Monthly Archives: December 2015

Minimum Wage: Sanders Vs. Trump

Trump and Sanders recently battled over the minimum wage.

Trump argued the minimum wage is overhigh. Sanders of course wants a higher minimum wage. And both want a higher market wage.

However post-Ron Unz revolution, I’d hoped by now everyone on the Right would also be calling for a higher minimum wage, not only a higher market wage.

As a rule, to accomplish a right-wing goal, frequently the opposite of what is perceived as the right-wing means is needed to accomplish that goal. And frequently the culprit behind this confusion is neo-liberalism. The minimum wage issue is no different.

In an ideal utopia, conservatives are in agreement with neo-liberals: There would be no minimum wage. However, we do not live in utopia.

The minimum-wage-as-right-wing argument is somewhat cutting-edge and new. VDARE and Steve Sailer got behind it early on, but the concept is still sweeping the right-wing, still waking people up.

The minimum wage argument is in part that unskilled workers flood into the US to undercut American workers, drive down wages. If we set a high minimum wage, then there’d be reduced incentive to lower the market wage via immigration, because the minimum wage would create a lower boundary. The minimum wage would create unemployment, but that could encourage Americans to actually defend their interests, demand for example that e-verify be enforced so that employers mayn’t hire illegals. It could be made legal to pay teenagers less to encourage their employment. Unemployed Americans might also stand with unions and demand that something, anything, be made again in the US. India worries about the Indian trade deficit due to gold imports; why don’t Americans speak up about their own massive trade deficit? As Paul Craig Roberts warned (paraphrasing), “A first world society requires first world jobs.”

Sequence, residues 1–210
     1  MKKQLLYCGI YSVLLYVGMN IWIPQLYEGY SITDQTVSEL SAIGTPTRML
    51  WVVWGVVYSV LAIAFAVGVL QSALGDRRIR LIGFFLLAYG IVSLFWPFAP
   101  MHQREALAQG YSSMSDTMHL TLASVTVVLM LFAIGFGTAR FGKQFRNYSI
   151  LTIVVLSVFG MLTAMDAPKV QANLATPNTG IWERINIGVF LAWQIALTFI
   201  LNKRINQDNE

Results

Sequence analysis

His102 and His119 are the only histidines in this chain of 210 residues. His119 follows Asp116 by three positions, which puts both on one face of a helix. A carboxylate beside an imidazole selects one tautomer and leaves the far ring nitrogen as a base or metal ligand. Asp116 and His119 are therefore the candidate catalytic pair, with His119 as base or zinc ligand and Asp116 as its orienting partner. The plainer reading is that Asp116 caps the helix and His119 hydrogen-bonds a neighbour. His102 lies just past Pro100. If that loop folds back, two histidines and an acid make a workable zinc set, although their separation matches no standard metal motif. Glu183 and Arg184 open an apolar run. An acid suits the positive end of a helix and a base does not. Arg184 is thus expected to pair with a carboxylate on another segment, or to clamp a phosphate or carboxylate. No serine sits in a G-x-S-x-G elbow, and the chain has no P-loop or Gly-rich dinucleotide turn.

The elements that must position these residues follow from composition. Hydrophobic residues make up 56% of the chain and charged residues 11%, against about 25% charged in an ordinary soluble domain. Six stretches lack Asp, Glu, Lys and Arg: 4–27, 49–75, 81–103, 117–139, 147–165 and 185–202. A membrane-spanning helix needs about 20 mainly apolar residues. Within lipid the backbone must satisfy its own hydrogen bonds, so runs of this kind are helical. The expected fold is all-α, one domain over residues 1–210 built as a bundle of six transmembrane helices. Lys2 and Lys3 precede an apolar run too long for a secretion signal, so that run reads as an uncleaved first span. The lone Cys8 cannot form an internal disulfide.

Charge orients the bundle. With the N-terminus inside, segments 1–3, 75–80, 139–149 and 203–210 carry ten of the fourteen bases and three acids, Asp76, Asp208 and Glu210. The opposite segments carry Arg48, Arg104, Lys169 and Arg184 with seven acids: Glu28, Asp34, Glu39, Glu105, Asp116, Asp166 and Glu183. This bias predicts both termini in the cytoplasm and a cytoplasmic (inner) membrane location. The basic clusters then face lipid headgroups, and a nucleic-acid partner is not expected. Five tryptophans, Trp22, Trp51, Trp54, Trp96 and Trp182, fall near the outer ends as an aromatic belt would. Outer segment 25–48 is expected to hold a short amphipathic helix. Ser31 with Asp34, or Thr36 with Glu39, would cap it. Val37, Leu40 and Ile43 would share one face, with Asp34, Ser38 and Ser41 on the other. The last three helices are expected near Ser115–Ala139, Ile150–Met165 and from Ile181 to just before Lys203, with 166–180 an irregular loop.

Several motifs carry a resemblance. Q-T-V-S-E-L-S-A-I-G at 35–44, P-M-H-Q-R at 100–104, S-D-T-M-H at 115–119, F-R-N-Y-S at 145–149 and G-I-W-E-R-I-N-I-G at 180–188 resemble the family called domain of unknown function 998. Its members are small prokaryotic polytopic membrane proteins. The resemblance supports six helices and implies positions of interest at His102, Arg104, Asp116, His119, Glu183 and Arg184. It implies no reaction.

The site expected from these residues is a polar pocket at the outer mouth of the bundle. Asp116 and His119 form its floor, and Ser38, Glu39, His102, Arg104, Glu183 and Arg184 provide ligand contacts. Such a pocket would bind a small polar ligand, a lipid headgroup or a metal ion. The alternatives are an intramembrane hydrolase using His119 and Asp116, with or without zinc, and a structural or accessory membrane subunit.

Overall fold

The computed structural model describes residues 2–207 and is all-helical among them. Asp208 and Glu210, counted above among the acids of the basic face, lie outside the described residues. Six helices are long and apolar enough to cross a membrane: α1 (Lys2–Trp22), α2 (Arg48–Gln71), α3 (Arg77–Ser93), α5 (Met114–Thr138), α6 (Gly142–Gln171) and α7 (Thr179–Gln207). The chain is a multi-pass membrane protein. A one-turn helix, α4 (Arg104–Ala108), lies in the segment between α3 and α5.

Note: Both Ron Unz and Donald Trump tend to want high quality immigrants (mostly Asians) who will make much more than minimum wage, undercutting American workers but also relieving labour bottlenecks in the economy. So, they are not taking the numbersUSA position of plainly reducing overall immigration numbers as low as possible.

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George Will, a Phony Conservative, Attempts to Gatekeep Conservatism

George will has his panties in a wad over Donald Trump and attempts to protect the integrity of conservatism as he sees it in this rant. Who does George Will think he is fooling acting as the defender of conservatism? Sam Francis had this pretender’s number 30 years ago. (Sorry for the odd spacing, but the original sources was in columns so that’s how it pasted.)

Although Will is sometimes called a
“neo-conservative,” he is not one. Neoconservatives
typically derive more or
less conservative policy positions from essentially
liberal premises. Will in fact does
the opposite: he derives from more or less
unexceptionable premises of classical
conservatism policy positions that are
often congruent with the current liberal
agenda. It is because he accepts, and
wants to be accepted by, the “achievements”
of modem liberalism that he ignores
or sneers at the serious conservative
thinkers and leaders of our time who
have sought to break liberal idols and that
he voices no criticism of the powers that
support liberalism. It is therefore not surprising
that his commentary is welcomed
in and rewarded by liberal power centers.
They have little to fear from him and his
ideas and much to gain if his version of
“conservatism” should gain currency. He
enjoys every prospect of a bright future in
their company. ~ Sam Francis, Modern Age, Spring 1986

Rough Ideas on How to Cut Healthcare Costs

Nationalized health care is all the rage nowadays, seems to have become all but a certainty.

However, I’d like to propose how costs might be cut to make healthcare more affordable in the free market.

Firstly, the US needs more doctors, which would lower their pay. Since the US is today very centralised, I suggest the US federal government build medical schools and subsidise tuition. In other areas, the federal government should largely get out of education, but that’s another topic.

Secondly, doctors suffer under malpractice insurance. While doctors should be liable for malpractice, most juries struggle to understand medical cases. So, a solution might be to fill malpractice trials with juries of medical doctors and professors. If necessary, these doctors could be from another area, to prevent bias.

Thirdly, drug companies. Americans are currently charged more than the rest of the world for drugs. Perhaps this is unfair. Bernie Sanders has been preaching on this, and I believe he’s the Ron Paul of the Democrats, worth listening to even if ultimately disagreeing.